Issues Involving Eyelashes After Eyelid Surgery

Posted By on Jan 4, 2017 in Eyelid Surgery | 0 comments


In very rare instances, the eyelashes after eyelid surgery become dormant although should the problem occur it generally resolves on its own after several months.

 

During a lower eyelid surgery, a fine incision is made very close to the lower lash line in an attempt to conceal the scar. However, the very same “line of thought” could injure the hair follicles, which may not grow back.

 

eyelashes after eyelid surgery

Photo Credit: stockimages at FreeDigitalPhotos.net

Sometimes, the damaged lashes do grow back but because of the adjacent scar tissue they become misdirected and/or too sparse. While it may be tempting to use Latisse (a gel that helps the lashes grow thicker and longer), this should not be used on the lower eyelid.

 

Furthermore, eyelash transplant is inadvisable because the grafts tend to grow too long and too quick to the point that they could irritate the eyes, as suggested by Los Angeles plastic surgery experts.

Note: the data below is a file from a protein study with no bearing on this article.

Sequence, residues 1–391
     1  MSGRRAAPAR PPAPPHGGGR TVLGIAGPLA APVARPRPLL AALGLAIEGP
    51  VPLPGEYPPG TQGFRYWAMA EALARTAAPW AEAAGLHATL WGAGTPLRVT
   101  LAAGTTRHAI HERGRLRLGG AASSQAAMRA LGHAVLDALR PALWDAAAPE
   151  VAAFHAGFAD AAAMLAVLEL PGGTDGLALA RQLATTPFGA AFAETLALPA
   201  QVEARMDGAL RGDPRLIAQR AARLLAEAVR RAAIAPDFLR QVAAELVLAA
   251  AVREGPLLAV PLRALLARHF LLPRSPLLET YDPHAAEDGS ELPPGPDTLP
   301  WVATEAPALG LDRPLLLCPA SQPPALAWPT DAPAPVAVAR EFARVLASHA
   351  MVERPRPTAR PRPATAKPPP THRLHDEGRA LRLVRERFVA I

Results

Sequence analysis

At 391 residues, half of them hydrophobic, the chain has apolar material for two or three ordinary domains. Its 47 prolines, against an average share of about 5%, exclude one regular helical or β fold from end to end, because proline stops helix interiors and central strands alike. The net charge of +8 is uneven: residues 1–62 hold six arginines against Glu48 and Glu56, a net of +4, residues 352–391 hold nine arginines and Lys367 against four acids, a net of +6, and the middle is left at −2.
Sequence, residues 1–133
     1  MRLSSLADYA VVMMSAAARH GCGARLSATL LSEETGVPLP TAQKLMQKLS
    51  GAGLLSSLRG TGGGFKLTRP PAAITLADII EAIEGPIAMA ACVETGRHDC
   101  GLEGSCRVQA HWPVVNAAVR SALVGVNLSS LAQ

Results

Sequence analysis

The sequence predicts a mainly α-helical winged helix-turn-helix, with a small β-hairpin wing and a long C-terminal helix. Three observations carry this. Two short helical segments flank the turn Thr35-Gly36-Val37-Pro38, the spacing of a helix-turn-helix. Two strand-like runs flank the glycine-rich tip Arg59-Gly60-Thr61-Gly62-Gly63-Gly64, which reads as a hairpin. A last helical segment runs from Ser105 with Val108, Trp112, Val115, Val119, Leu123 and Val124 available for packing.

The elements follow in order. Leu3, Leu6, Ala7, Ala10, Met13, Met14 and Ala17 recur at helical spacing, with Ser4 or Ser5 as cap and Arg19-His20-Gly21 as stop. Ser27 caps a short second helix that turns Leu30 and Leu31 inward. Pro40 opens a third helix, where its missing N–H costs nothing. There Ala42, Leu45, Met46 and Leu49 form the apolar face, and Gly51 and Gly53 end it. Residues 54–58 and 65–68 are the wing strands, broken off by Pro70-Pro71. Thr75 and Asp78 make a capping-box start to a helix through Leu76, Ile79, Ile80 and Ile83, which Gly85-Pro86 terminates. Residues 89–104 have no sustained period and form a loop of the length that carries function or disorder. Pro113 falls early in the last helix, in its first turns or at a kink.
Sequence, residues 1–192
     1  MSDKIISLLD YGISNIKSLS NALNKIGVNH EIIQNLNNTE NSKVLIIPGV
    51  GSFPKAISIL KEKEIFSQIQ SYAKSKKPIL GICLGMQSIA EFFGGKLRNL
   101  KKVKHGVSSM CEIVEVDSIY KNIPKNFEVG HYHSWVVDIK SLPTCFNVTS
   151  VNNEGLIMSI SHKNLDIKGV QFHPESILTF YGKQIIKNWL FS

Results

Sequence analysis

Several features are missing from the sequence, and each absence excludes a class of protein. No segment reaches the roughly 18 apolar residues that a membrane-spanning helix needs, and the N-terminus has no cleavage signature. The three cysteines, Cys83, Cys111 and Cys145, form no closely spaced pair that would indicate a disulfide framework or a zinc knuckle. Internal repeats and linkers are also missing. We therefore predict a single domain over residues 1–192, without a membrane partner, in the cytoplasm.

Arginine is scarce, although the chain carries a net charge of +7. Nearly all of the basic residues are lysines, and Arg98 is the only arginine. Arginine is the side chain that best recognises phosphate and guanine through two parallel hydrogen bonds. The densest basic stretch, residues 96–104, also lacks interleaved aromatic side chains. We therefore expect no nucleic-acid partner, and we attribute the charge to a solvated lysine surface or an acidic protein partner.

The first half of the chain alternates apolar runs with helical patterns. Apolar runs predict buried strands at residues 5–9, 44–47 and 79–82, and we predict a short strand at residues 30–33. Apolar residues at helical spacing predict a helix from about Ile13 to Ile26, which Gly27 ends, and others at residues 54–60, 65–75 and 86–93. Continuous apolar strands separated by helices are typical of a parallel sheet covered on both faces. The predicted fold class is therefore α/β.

Skilled plastic surgeons know the importance of precise scar placement during a lower eyelid surgery: There is a fine line between positioning it too close that the hair follicles become injured, or too far that it becomes visible.

 

Instead of using an exterior incision placed closed to the lower lash margin, patients with under eye-bags primarily caused by excess fat—with no or very little loose skin—the best approach is to place the scar inside the actual lower lid. Through this technique, the surgeon is able to excise a small piece of fat and/or transpose it so the lower lid surface would be almost the same as the upper cheek.

 

Whether the eyelid surgery involves the use of exterior or interior incision placement, the hair follicles might be damaged without meticulous surgical maneuvers. For this reason a prudent patient makes sure that she only deals with a board-certified plastic surgeon who performs the surgery on a regular basis, ideally over a hundred procedures every year.

 

Aside from having “extensive” experience, the “right” surgeon for the job should also have a good eye for detail. Fortunately, the before-and-after photos of his previous patients can shed light on his “artistic skills,” which play a critical role in plastic surgery.

 

The before-and-after photos should have no visible stigmata such as lid retraction, poor scarring, and obvious asymmetry.

Pin It on Pinterest

Share This